Tuesday, November 14, 2023

Geology through Literature - Walden

Using Walden by Henry David Thoreau

Science is not a new invention. People have been performing science for many thousands of years. Often they build on the research of those before them and sometimes they start from scratch. The purpose of this project is to use a scientific study from the 19th century to produce a current contour map of lake depth.

The study being described is in Walden by Henry David Thoreau, written before 1854. The book is typically considered “philosophical” literature but in this case he performs the basis of science. He identified a problem, determined how to solve the problem, and then executed the research. Below are a series of assignment questions and directions, however I have also included my answers and some additional information. There is a link at the bottom to the assignment itself without the answers intermingled. 

His Problem:
Often people would describe the depth of Walden Pond as bottomless. He wished to prove them wrong and determine the actual depth.

His Method
 To determine the actual depth of the lake he used the simple method of a rock and string.

His Solution:
That’s where you come in.

Project Directions
1. Read the “The Pond in Winter” chapter of Walden by Thoreau. For reference the important excerpts from the chapter are provided here:
"As I was desirous to recover the long lost bottom of Walden Pond, I surveyed it carefully, before the ice broke up, early in '46, with compass and chain and sounding line. There have been many stories told about the bottom, or rather no bottom, of this pond, which certainly had no foundation for themselves.... Many believed that Walden reached quite through to the other side of the globe.... But I can assure my readers that Walden has a reasonably tight bottom at a not unreasonable, though at an unusual, depth. I fathomed it easily with a cod-line and a stone weighing about a pound and a half, and could tell accurately when the stone left the bottom, by having to pull so much harder before the water got underneath to help me. The greatest depth was exactly one hundred and two feet; to which may be added the five feet which it has risen since, making one hundred and seven feet." 
"...this one, which is so unusually deep for its area, appears in a vertical section through its centre not deeper than a shallow plate." 
"As I sounded through the ice I could determine the shape of the bottom with greater accuracy than is possible in surveying harbors which do not freeze over, and I was surprised at its general regularity. In the deepest part there are several acres more level than almost any field which is exposed to the sun, wind, and plow. In one instance, on a line arbitrarily chosen, the depth did not vary more than one foot in thirty rods; and generally, near the middle, I could calculate the variation for each one hundred feet in any direction beforehand within three or hour inches." 
"... Having noticed that the number indicating the greatest depth was apparently in the centre of the map, I laid a rule on the map lengthwise, and then breadthwise, and found, to my surprise, that the line of greatest length intersected the line of greatest breadth exactly at the point of greatest depth, notwithstanding that the middle is so nearly level, the outline of the pond far from regular, and the extreme length and breadth were got by measuring into the coves...."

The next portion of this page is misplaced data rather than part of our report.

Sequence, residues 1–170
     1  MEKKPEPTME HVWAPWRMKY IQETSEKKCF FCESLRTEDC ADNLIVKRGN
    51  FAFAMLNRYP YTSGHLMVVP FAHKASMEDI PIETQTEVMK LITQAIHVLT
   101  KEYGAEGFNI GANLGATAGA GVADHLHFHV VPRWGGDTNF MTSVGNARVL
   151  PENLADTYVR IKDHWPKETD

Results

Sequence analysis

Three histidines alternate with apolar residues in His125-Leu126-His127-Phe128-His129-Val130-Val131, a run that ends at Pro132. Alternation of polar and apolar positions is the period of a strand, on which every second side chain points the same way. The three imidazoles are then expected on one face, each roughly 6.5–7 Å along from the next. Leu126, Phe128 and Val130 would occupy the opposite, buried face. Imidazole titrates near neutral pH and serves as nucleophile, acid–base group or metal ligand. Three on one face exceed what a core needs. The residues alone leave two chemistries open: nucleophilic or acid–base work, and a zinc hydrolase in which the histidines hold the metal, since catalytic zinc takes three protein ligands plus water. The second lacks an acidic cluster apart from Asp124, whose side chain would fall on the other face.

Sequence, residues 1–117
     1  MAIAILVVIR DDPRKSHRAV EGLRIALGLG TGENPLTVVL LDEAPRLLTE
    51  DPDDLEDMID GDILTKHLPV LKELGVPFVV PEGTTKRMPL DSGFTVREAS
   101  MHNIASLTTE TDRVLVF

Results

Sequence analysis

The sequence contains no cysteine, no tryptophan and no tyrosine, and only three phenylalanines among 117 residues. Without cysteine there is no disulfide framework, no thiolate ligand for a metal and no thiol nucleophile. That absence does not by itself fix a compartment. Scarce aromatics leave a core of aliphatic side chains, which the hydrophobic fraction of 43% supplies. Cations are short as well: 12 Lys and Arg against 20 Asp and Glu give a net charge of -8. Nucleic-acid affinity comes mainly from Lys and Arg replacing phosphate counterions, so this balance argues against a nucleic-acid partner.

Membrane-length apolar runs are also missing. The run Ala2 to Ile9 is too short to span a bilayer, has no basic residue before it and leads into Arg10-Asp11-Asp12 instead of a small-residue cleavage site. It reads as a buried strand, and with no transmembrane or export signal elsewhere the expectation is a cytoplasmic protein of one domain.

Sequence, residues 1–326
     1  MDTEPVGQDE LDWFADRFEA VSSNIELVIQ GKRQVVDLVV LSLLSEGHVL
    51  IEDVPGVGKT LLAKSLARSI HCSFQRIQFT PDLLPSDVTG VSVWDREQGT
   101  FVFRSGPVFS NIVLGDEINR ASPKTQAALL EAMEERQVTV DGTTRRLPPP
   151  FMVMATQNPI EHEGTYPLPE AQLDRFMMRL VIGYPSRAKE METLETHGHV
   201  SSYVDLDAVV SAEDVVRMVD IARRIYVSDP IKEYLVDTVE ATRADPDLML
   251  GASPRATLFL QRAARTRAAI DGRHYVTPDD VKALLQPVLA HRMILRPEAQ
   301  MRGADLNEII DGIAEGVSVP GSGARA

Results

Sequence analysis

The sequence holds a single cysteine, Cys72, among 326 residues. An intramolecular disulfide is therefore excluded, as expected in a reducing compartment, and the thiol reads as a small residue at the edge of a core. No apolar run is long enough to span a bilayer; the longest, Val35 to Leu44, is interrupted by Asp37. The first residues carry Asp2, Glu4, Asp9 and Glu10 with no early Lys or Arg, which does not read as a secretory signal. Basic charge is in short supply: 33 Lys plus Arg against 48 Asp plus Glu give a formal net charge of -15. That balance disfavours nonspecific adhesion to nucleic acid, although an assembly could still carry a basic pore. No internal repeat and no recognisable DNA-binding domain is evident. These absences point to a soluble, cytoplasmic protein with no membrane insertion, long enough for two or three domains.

"Of five coves, three, or all which had been sounded, were observed to have a bar quite across their mouths and deeper water within, so that the bay tended to be an expansion of water within the land not only horizontally but vertically, and to for a basin or independent pond, the direction of the two capes showing the course of the bar.... In proportion as the mouth of the cove was wider compared with its length, the water over the bar was deeper compared with that in the basin."

2. Write down all important sentences and phrases that have to do with the depth and shape of the pond.

3. Summarize these into only the important points (like the location and depth of the deepest point).
  • The deepest point of the lake is 102-107 feet deep and is located at the intersection of the greatest breadth and the greatest width lines.
  • There are sandbars that surround the coves creating mini lakes.
  • The pond is regular, meaning that the contours are evenly spaced apart.
  • The base of the pond is relatively flat.
4. Use one of the outlines of Walden Pond provided to start and outline the important features (deepest point, sand bars, etc.) in pencil.

In order to provide a map that is usable for this exercise, I first took an aerial image of Walden Pond. 

This was then traced and the aerial image was removed with the approximate location of Thoreau's cabin added for context.

5. Make a contour depth map (bathymetric map) with 20ft contours. The shore of the lake will be your 0 contour (provided). Then erase all of the mistakes and non-important items on the map so you just have a finalized contour map left.

Following these directions, as well as directions on how to make a contour (bathymetric) map, people should be able to make a fairly accurate Walden Pond bathymetry map.

And then students can compare their results with a professional map result called Hydrology and Trophic Ecology of Walden Pond, Concord, Massachusetts by Paul J. Friesz and John A. Colman, 2001 seen below:

You can also get a zip file with a complete set of directions as well as a step by step solution over at my site - http://www.dinojim.com/Geology/GeoEducation/GeologyThroughLiterature.html

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